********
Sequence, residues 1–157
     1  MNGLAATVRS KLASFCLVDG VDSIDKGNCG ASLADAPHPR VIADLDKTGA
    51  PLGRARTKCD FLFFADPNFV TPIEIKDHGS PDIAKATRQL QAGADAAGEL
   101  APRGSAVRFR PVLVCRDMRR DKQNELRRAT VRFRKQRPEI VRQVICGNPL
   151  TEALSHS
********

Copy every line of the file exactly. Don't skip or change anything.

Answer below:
Sequence, residues 1–157
     1  MNGLAATVRS KLASFCLVDG VDSIDKGNCG ASLADAPHPR VIADLDKTGA
    51  PLGRARTKCD FLFFADPNFV TPIEIKDHGS PDIAKATRQL QAGADAAGEL
   101  APRGSAVRFR PVLVCRDMRR DKQNELRRAT VRFRKQRPEI VRQVICGNPL
   151  TEALSHS